The History and Benefits of Russian Banya

Banya, meaning sauna or steam bath, is one of the oldest tradition in Russia, dating back to several centuries. Banya is not only a place for relaxation, but it is also believed that the warm atmosphere of the banya brings people closer together, which is why it is a common destination for a group of friends to hang out in or for strangers to bond with each other in the “predbannik” – предбанник (room for undressing in the bath). The banya is old enough to have many proverbs about it. One of them, “Баня – мать вторая – Banya – Mat’ vtaraya” literally means “The banya is like a second mother”. From the History of Matryoshka article, which delved into the cultural importance of mothers in Russian culture, it is clear how much banya is valued in Russia.

History of Banya

In the ancient times, people believed that bathing in the banya is a way to ward off evil and illness, and to ensure purity of women. This tradition is so deeply integrated in the past, to the point that not bathing in a banya at least three times a week is considered a valid reason to believe someone has a foreign origin. In the Russian villages, bathes are done in a communal bathhouse, usually miles away from the village, where they cleanse themselves from negative energy. Banya were considered “people’s first doctor”, with the second and third doctor being vodka and raw garlic.

The reason for this distance is due to the belief that bathhouses were a place for demons and sprites, and thus it was unsafe to visit alone. One legend even says that the bathhouses were home for the bannik, one of the most hostile local spirit in the Russian folklore with the appearance of a little old man. Only certain times were safe, and after dark no peasant dares to approach the bathhouse as it is time for the devils to bathe. Sites where bathhouses once stood were considered evil and unclean, and left as no one dares to tread or build a house there.

For the nobles, they had their own bathhouses. But as the commoners, both men and women alike, frolick and beat one another while rolling in the snow, the bathhouses were considered a barbaric remain of ancient Russia, and the sentiment came to its peak when Peter the Great attempted to close all banya, while replace them with western style baths, and impose heavy taxes on the nobles with bathhouses. In spite of the restrictions, however, noblemen and commoners alike continue to prefer the traditional bathhouses, and in the end of the 19th century, almost all palaces in St. Petersburg have a bathhouse.

In addition, banya were also used to bathe women before marriage to ensure the bride’s purity. In the eve of her wedding day, the bride is bathed by her bridesmaids. Meanwhile, in some places, it is customary for both the bride and groom to bathe together before their wedding night, a tradition practiced both by peasants and nobles alike in the late 17th century. Other places have a tradition called “Clean Monday”, where the family clean their house, throw away unholy and rotten food, and wash the floors before going to the bathhouse together.

Banya Bathing Practice

First, make sure that you are not too stuffed or inebriated before going to banya. The combination of alcohol and heat will put heavy strain on the heart, and the heat of banya draws most of the blood from the internal organs rush towards the skin, increasing the chance of indigestion. Remember to take your swimsuit, bath supplies, slippers, and a venik. Venik is a bundle of either oak or birch leafy twigs and branches. Some call the venik a bath-broom.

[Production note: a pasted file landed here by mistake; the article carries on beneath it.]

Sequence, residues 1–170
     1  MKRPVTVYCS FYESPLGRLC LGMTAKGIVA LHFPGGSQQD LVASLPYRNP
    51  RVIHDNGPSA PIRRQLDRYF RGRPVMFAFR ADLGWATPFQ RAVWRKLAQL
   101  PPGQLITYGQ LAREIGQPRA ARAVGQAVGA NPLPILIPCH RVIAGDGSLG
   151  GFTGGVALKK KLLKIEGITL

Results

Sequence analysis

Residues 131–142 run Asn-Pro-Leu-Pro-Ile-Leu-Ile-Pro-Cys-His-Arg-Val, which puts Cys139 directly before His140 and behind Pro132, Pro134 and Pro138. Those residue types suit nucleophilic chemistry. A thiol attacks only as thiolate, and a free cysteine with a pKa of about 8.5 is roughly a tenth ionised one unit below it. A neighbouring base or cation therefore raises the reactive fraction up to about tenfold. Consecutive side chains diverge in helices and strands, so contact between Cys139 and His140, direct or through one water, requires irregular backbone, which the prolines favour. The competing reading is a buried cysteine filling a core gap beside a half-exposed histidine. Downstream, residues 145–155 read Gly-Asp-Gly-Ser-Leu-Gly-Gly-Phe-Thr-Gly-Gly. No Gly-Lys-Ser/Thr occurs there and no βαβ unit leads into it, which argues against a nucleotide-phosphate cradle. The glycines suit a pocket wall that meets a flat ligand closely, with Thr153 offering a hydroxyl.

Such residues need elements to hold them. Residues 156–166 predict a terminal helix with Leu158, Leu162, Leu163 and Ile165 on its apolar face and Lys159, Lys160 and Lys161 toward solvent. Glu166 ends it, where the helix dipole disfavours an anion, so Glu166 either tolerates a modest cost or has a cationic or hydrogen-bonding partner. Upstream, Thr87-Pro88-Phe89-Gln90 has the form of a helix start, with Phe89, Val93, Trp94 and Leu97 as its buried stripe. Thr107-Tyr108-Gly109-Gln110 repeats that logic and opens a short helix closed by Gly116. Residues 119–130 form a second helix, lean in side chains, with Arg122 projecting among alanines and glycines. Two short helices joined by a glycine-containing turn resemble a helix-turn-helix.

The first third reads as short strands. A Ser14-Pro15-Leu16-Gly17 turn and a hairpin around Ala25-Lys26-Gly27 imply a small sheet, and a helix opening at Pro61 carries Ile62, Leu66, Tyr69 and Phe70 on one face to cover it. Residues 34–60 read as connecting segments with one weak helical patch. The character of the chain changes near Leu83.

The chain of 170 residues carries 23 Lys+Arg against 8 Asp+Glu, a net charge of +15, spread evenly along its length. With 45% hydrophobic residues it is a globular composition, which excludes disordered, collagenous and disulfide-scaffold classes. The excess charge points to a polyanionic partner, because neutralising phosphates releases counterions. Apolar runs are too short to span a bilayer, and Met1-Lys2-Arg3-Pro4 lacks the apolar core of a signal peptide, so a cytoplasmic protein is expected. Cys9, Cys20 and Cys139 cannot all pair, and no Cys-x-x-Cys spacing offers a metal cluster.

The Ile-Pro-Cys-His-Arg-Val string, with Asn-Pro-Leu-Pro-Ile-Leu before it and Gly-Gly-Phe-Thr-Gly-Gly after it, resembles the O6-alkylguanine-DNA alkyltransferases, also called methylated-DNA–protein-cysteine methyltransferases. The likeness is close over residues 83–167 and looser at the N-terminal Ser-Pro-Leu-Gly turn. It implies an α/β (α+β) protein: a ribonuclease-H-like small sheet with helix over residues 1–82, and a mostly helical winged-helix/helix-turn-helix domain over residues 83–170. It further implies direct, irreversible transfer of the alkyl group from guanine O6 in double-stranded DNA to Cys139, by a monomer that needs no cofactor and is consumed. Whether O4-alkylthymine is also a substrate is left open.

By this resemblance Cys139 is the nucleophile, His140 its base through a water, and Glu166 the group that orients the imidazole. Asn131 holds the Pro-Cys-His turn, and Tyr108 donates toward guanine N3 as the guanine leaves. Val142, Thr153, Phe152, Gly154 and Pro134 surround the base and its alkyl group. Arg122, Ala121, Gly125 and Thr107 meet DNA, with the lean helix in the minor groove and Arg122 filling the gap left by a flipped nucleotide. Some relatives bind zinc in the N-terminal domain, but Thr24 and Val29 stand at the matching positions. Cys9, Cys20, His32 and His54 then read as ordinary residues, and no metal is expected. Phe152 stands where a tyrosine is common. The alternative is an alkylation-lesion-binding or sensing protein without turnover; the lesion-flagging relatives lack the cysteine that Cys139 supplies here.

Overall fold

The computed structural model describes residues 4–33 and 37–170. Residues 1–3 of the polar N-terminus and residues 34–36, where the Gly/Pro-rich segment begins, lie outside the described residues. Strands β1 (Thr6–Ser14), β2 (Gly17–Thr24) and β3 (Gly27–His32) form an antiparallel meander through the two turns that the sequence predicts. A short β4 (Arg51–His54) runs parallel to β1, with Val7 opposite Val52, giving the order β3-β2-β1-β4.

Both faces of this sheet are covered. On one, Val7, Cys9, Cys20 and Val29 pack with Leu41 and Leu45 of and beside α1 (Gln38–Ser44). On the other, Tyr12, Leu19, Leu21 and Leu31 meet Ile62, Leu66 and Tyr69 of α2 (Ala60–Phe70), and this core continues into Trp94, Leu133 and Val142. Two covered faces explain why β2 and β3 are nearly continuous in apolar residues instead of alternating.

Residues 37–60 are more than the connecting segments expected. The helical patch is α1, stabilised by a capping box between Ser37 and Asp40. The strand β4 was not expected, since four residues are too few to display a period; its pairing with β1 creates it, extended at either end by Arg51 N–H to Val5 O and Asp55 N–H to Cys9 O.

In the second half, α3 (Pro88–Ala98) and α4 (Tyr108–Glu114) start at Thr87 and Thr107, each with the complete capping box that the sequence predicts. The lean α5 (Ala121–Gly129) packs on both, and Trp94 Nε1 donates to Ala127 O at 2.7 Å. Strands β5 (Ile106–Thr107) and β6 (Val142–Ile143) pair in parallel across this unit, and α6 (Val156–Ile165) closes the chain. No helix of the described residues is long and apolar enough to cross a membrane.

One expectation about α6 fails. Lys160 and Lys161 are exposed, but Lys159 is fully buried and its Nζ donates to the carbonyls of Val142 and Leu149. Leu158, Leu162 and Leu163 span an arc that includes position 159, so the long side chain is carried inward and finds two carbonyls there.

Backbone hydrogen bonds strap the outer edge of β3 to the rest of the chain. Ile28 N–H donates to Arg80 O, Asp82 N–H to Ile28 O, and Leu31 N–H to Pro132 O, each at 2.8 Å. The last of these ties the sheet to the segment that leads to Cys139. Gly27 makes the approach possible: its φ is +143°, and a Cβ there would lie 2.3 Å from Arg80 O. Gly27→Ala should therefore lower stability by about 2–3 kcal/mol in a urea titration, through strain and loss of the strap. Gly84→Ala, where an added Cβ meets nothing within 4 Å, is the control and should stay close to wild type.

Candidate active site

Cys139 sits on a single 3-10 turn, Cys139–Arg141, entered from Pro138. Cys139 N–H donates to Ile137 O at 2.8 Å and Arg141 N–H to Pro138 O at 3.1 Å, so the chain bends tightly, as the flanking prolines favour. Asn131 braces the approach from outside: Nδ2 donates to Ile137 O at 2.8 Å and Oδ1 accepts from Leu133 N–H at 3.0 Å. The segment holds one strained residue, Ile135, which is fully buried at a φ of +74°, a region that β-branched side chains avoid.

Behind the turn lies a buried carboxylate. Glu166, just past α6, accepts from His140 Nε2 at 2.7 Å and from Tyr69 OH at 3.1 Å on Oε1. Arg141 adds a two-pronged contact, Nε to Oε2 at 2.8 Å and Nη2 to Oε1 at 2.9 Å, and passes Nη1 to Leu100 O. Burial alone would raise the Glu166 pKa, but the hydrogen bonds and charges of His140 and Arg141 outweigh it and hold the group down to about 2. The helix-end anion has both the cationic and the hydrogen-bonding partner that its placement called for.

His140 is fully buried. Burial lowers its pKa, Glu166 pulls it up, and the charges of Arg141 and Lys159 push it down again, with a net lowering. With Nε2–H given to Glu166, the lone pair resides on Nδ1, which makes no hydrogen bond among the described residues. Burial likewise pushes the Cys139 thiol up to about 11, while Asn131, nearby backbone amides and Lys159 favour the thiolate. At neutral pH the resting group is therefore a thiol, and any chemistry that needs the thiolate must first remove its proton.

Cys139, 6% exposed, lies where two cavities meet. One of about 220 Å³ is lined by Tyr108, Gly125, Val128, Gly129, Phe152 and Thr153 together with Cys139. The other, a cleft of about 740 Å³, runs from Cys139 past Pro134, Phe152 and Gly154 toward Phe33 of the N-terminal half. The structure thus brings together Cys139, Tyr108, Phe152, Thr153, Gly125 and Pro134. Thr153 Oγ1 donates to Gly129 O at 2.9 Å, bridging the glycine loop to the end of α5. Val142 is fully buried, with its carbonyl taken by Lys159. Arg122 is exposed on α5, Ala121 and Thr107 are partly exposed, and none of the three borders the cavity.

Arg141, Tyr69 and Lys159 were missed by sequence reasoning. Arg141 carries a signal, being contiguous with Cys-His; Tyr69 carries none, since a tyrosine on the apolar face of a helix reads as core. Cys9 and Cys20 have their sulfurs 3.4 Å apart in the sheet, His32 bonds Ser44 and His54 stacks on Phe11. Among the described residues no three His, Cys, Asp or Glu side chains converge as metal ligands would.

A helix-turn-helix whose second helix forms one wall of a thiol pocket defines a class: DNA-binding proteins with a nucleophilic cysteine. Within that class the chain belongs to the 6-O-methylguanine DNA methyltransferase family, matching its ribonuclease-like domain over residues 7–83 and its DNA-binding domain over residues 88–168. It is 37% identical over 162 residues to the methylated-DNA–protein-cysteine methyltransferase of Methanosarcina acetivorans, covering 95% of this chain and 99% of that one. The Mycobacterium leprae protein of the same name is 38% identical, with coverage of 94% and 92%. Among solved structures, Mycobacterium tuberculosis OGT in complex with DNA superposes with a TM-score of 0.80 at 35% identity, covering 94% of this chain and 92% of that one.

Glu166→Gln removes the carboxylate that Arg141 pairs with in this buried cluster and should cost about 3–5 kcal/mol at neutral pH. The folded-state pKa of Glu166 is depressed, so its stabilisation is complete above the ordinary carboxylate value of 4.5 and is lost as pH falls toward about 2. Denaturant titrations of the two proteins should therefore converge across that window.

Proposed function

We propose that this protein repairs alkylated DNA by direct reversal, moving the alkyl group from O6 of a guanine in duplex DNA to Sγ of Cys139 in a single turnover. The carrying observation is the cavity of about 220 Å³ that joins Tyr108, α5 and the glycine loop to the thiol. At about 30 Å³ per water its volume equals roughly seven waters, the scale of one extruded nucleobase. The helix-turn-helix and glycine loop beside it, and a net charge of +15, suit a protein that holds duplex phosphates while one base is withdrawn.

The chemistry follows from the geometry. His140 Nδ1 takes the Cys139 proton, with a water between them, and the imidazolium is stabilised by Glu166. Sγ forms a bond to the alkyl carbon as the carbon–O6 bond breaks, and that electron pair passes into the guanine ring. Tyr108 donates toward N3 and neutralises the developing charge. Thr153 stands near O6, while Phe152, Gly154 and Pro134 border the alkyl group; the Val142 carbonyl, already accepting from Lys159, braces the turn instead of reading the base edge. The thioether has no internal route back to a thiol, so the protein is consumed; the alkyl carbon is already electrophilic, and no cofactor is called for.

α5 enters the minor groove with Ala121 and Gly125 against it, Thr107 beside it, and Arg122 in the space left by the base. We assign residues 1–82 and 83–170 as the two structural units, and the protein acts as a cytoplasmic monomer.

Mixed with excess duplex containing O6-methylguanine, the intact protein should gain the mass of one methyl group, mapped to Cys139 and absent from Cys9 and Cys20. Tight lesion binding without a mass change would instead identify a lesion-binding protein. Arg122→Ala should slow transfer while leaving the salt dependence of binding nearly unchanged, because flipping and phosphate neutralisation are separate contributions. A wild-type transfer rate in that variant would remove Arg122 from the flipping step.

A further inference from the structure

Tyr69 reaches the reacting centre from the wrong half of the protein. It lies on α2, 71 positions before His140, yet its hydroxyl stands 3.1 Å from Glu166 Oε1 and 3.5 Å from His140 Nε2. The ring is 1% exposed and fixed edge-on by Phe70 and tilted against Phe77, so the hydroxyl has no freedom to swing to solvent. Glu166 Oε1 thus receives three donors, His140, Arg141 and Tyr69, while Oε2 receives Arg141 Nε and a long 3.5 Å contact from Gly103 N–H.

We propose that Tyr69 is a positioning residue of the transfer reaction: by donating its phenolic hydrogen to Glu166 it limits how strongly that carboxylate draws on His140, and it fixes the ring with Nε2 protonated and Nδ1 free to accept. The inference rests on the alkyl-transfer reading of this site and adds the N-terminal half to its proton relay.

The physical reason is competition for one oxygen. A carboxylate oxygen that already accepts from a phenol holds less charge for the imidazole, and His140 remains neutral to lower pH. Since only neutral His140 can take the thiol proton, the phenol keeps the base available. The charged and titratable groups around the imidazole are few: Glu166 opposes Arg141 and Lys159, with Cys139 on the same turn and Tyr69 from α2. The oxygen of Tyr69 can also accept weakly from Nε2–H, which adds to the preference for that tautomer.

Prepare the venik by placing it in hot water, and wait for it to soften by taking your first round in the steam room. Leave the room when you feel too hot, and take a cold shower. For hotter temperature, feel free to go higher, and stay in the lower benches for a more moderate temperature. After ten to twenty minutes, the venik should be ready. Ask a friend to massage you with the venik, or use the service of a banschik. Massaging a friend with the venik is believed to be a good bonding session.

Benefits of Banya

In the present day, it is believed that the atmosphere of banya is filled with positive energy, facilitating bonds between friends and strangers alike. Two strangers chat in the predbannik, the room outside the steam room, and share their ideas and thoughts while sitting over a cup of hot tea.

For the medical benefits, banya has the benefit of cleansing the skin, making it soft and healthy. Bathing in banya also helps expel toxins from the body, reduce weight, and get rid of sickness, to the point that overweight women are reccommended to visit one at least once a week. There is a reason that one Russian proverb say “В который день паришься, тот день не старишься” (The day you spent in the banya is the day you do not age). For more proverbs, see Proverbs in Russian Language.


As one of Russia’s oldest tradition, banya has provided many benefits throughout the centuries, and it lasted through both good and bad points of European history. While some beliefs have changed as time goes by, it is clear that the bathhouse is still as highly appreciated as it was in the past.

If you find this article useful, see our other articles such as Common Greetings in Russian, 150 Words for Beginners, and Country Names in Russian Language.

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